There are plenty of compelling and sympathetic characters within the book as well as a fast-paced story that keeps readers guessing right until the end. It’s a crime fiction novel first and foremost so non-football fans have plenty to immerse themselves in, while those readers who know about the Pickles story will enjoy seeing how the true-life aspects of the story combine with the fictional elements that really drive the narrative.

5. Is the Dale Blake character based on someone you really know?
No, he’s more a blend of several fictional characters (mobsters, on the whole) I’ve liked from various crime books, films and TV shows. His journey throughout the book follows a theme I was considering for a crime book a few years ago about leadership – about how some people have the natural skillset to be an effective operations man in a number two role but not necessarily the abilities to handle the wider scale responsibilities that come with being number one – and I thought it would be interesting to drop this theme into the midst of a dramatic story such as the 1966 theft.

6. Are you already working on a new book?
I am – I’ve written a first draft of another crime novel, which I’d like to polish and edit in the near future. It is about the physical and mental struggles of a recently retired boxer who gets dragged by his former manager into a murky world of crime and an underground bare-knuckle fighting circuit, while also struggling to deal with his Alzheimer’s-stricken father. It’s called When the Roar Fades.

7. Chasing the Game is available in kindle edition. What’s your opinion regarding ebooks and traditional books?
It’s an interesting debate. I definitely see how ebooks are a convenient practical option (especially when going away on holiday) and it’s nice to see the publishing industry trying to keep tabs with modern social/leisure patterns and how things are changing. But personally I’m a traditionalist. I love seeing a full bookshelf, holding a book, smelling a book. Each and every book is a physical artifact that goes on a journey encompassing several human lifetimes. Chasing the Game is available as a paperback and an ebook, and there’s nothing like holding a hard copy of your own work.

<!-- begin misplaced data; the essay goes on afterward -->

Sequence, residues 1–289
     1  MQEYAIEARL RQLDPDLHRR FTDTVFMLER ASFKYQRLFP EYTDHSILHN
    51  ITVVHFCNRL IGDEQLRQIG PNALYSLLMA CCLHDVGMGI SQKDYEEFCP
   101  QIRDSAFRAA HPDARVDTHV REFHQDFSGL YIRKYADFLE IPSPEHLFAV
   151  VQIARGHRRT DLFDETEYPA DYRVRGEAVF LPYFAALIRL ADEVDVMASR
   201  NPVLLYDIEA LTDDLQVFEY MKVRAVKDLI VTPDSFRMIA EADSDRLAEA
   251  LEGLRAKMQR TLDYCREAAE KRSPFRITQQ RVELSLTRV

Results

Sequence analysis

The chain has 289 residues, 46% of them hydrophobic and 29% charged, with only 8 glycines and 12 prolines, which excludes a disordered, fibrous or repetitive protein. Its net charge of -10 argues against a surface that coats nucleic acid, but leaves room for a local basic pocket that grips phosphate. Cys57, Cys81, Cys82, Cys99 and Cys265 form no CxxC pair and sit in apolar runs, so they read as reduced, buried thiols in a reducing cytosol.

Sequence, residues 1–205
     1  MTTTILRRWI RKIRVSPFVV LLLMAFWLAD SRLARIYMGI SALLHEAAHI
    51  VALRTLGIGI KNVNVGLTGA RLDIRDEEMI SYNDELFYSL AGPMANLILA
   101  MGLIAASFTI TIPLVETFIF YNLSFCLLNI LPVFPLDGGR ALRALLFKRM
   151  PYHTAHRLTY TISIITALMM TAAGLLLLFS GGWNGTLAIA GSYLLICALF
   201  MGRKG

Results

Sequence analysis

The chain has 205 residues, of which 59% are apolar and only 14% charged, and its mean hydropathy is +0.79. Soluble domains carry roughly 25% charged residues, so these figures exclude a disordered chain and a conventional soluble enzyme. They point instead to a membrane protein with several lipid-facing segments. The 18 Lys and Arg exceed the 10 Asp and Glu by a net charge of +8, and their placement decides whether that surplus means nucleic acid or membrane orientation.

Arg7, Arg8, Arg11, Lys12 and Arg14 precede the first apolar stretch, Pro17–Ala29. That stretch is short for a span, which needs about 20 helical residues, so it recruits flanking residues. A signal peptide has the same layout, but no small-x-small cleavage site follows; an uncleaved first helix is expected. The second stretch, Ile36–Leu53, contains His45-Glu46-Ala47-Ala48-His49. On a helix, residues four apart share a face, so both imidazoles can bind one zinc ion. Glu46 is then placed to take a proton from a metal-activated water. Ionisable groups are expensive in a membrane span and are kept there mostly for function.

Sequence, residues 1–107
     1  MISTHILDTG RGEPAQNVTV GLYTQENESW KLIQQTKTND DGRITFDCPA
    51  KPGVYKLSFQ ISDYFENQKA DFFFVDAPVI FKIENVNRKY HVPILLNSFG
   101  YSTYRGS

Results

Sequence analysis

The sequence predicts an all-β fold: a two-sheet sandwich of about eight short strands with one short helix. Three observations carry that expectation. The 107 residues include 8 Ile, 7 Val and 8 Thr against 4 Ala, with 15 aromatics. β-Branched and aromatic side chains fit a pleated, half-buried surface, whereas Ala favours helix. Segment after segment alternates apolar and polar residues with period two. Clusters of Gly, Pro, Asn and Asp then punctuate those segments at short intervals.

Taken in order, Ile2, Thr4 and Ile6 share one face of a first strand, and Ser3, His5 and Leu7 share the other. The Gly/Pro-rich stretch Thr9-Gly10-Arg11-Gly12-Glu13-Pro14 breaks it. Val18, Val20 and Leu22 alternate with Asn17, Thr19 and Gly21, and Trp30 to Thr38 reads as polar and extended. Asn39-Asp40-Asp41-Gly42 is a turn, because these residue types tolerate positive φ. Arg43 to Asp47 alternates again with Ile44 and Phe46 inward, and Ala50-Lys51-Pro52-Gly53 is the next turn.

8. A suggestion to wannabe writers. A suggestion to passionate readers.
To writers: Write about themes and characters you have a genuine desire to explore, not what you think the industry wants. Your passion will then bounce off the page.
To readers: Don’t be afraid to take a chance on new writers. The publishing industry has never been more ‘top heavy’ in terms of retail sales, but it’s not the case that 95% of the world’s writing talent is restricted to the best-selling 5% of authors.

9. If you want to say anything, this is the moment…
I’ve always loved reading and writing crime fiction, and I wish it would be given more respect in certain circles within the trade. The so-called literary elite often look down on crime writing, seeing it only as a genre that delivers a cheap thrill or a whodunit puzzle. Not only is thatkind of snobbery unhelpful and disrespectful, it’s also inaccurate. Crime fiction has produced a wealth of gloriously skilled prose that has not just provided its readers with entertainment, it has enriched their lives and I believe it deserves higher recognition.

10. Would you like to say hello to our readers?
I would indeed. I love talking about great books and literature in general, and am on Twitter for that very reason. Please feel free to get in touch any time – @PaulJGadsby – I’m always happy to engage with people who love reading like me.

11. Thanks for having accepted our invitation, Paul: it’s been a pleasure having you.
The pleasure’s been all mine. Keep up the great work on